Monday, September 20, 2010

"All the World's a Stage" Story #6

Tonight's installment is more a collection of incidents showing that actors, and tech people have to be on their toes when doing live theater....because you never know what's going to happen!  Little oddities happen all the time....a prop will go missing, lines will be screwed up or forgotten, late or worse, early entrances will happen, there can be costume malfunctions, wigs that come off, or disturbances and distractions in the audience.  You have to be ready!  A few small vignettes, just to show what I mean:

First:   "The Front Page"

One of the male actors knocked a telephone off a desk.  That sort of thing happens all the time.  It's funny, but when something ends up on the floor, that isn't meant to be there, the audience will spend the rest of the scene watching that item, whatever it is.  It's almost as if it begins to glow or something!  I don't know if they expect it to do something other than just lie there, but watch it they do.  Eventually they begin to whisper and titter. That's why one of the most important rules of stage work is if a prop is dropped or falls, one of the actors on stage must pick it up, as quickly and naturally as possible! 

The actor on stage who knocked the phone over, was one of the most clueless individuals I have ever worked with on stage.  Actually, there were several actors in this show who were just not very experienced and kind of difficult to work with.   There is nothing worse for other actors than trying to cope with the problems created by neophyte "actors" who haven't a clue!!

Going back to the phone on the floor,  it was an old style phone from the 1920's, commonly known as a licorice stick.  So there it was on the floor with the receiver completely off the hook, the cord snaking across the floor, and the brain-dead actor stood there and looked at it for a second, and then turned away and LEFT IT THERE!  A telephone!  If you knocked your home phone, would you not pick it up??  Yet it sat there for the whole rest of the scene, because none of the others on stage were any smarter!   None of the more experienced actors were on stage in the scene, so we couldn't fix it.  Suddenly it was if there was a whole new cast member on stage who was getting all the audience attention.  The dodo bird actor couldn't understand why the director was upset when they came off stage.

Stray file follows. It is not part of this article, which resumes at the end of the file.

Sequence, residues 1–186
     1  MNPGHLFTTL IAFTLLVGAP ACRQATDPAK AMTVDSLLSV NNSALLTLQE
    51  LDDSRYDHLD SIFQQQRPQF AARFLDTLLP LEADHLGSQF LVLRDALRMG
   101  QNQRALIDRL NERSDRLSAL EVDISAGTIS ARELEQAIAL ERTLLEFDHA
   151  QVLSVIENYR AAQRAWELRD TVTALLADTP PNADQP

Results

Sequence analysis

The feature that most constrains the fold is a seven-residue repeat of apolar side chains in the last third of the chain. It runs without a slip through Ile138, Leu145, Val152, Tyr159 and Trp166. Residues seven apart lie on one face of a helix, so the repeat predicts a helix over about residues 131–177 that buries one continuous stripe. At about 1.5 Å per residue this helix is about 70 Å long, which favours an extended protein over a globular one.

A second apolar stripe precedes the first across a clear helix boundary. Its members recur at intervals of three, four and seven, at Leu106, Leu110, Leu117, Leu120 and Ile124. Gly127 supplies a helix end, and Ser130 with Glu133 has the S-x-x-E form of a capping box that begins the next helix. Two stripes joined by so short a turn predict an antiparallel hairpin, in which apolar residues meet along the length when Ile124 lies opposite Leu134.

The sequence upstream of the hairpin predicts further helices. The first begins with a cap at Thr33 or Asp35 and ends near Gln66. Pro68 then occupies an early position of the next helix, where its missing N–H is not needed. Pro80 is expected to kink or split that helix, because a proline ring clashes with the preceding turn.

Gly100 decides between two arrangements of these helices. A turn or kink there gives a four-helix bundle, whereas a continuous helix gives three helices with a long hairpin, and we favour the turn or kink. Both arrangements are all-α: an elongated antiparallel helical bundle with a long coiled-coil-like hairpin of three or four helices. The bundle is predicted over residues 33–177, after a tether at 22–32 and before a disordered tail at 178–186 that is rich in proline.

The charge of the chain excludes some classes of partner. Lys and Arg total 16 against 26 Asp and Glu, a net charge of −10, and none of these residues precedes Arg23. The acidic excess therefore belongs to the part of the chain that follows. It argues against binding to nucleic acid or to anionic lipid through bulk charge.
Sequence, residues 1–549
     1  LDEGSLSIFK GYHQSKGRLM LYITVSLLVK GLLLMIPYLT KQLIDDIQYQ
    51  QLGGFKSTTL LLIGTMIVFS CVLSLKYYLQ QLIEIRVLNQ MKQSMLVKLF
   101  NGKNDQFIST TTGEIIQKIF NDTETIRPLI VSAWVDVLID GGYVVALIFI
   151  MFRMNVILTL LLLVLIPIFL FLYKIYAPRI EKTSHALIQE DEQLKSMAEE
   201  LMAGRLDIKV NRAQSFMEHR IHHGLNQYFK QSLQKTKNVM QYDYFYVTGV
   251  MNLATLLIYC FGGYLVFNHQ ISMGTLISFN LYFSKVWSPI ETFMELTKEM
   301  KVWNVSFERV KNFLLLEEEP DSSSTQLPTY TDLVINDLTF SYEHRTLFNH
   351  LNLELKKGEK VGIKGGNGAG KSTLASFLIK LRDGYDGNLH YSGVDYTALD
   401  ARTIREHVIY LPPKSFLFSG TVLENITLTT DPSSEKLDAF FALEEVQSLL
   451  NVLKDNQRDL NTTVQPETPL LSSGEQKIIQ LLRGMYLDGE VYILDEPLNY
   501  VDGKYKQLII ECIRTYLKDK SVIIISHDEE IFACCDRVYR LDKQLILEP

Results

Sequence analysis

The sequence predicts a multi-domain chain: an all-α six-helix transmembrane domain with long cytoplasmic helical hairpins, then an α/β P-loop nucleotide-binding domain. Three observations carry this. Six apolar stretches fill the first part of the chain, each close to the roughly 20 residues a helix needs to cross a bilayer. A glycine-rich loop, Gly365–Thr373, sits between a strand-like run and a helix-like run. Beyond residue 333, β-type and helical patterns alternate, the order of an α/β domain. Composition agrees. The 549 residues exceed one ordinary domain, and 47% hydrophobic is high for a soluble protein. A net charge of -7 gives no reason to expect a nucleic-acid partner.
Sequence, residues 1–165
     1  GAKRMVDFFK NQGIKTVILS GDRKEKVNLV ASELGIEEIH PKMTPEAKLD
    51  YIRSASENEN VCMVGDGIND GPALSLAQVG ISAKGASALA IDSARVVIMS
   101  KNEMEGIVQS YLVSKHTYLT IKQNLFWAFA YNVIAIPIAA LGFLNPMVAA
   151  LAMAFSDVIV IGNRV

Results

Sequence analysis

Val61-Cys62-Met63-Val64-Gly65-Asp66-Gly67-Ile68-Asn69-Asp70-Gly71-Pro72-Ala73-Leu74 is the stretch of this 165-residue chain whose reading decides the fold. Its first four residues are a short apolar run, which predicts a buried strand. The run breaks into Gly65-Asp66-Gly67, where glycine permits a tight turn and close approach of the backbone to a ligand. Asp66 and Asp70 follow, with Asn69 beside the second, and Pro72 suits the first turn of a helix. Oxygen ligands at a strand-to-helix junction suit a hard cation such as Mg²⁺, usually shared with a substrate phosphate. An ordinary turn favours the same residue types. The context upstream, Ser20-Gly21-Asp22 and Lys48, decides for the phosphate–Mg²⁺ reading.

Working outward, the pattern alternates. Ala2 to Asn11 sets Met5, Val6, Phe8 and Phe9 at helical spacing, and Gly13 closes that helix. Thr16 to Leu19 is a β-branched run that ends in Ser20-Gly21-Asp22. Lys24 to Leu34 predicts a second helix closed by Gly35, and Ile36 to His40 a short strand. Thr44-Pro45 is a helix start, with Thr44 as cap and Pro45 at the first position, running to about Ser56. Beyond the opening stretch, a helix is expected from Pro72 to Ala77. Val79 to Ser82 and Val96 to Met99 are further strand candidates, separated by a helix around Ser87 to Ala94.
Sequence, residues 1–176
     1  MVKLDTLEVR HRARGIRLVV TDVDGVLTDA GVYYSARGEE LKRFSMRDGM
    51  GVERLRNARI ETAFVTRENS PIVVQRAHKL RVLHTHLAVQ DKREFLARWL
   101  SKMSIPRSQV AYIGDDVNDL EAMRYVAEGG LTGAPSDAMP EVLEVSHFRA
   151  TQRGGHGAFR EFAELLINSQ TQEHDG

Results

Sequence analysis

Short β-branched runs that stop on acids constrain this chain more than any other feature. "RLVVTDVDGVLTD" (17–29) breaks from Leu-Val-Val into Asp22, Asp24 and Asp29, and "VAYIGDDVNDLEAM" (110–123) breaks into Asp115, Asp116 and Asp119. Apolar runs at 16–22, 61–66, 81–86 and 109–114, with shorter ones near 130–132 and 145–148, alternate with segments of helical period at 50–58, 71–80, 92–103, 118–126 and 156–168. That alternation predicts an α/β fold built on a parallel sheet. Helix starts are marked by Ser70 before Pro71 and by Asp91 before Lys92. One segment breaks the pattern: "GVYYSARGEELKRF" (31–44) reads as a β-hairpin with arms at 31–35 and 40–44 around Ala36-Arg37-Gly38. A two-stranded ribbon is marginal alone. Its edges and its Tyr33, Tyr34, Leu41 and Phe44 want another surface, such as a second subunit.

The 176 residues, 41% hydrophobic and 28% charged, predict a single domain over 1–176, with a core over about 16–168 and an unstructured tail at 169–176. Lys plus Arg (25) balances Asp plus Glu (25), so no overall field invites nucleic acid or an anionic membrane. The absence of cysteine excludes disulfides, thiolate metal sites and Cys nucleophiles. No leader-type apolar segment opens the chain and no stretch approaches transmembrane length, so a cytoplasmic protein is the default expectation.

Second:  "My Sister Eileen"

In that show, the character of the younger sister, Eileen, is a bit of a ditz, cute as a button, but just not quite bright.  Just a few hot dogs short of a picnic!  You know what I mean?  Unfortunately the woman who  played the part fit the part to a tee....but she wasn't exactly acting!  She was a ditz too!  Talk about clueless!  Throughout the entire run, she kept messing up her lines, or dropping a cues, moving to where she wasn't supposed to be, or just generally looking lost most of the time. 

As I was playing the older sister,  Ruth, (the smarter, witty, level-headed one, but definitely not  the "pretty one"), I was on stage with my "sister" for practically the whole show, so I was the one that most generally had to deal with whatever the ditz did or didn't do!  

My favorite of her screw-ups took place one night about 10 minutes into the first act.  The two of us were alone on stage having a conversation when for whatever reason, she gave me a line directly from the last part of the third act!  If I had responded with the correct response to that line, the whole show would have been over in about 15 minutes!  I was tempted for about half a second to do that, just to see what she would do!  Of course, I didn't.  I made up some lines to get us back to where we were supposed to be.  The sad thing is I don't think she ever even realized that she was screwing up the lines.  She never acknowledged it, apologized for it, or got any better!!   I'm not sure if that makes it better or worse!

Unfortunately it's not only actors who can cause upsets on stage.  Oh no!  There is a stage manager, people doing lighting, backstage crew, and sound people....we must not forget the sound people!  They, too, can make or break a show!

Third:  "My Sister Eileen"  (Same production, different night)

In the show the sisters have come to NYC to make their fortune.  They end up renting a basement apartment in an old rattletrap building owned by a tightwad, lazy landlord, Mr. Apopolus.  Nothing much in the apartment works right.  The light switches are reversed, there is no water in the shower, the streetlight is right outside the window and one of the panes is broken. Worst of all, a subway is being built right below the building and there are periodic dynamite blastings going on most of the day! Apopolus, of course, ignores all their requests for repairs.

Somewhere in the second act, the telephone rings so Ruth (that would be me) is supposed to cross over from the other side of the stage to answer it, which I did.  I picked up the phone, said hello, and the phone rang again!  The audience laughed a bit; I don't blame them it was funny, There I was talking into a phone that was still ringing!   I am blessed to be able to come up with lines that can save a situation.  It's a gift!  After the laughers had settled down, I shook the phone, looked at it, and said, "Damn that Apopolus!  Not even the telephone works right in this place!"   And we went on.  You can be sure that sound technician paid closer attention from then on!

Oh yes, indeed-dee, anything can happen on stage....and usually does!

1 comment:

Thanks so much for leaving a comment. It's really nice knowing what you think!! Besides, comments keep me from feeling like I'm here all by myself!! :)

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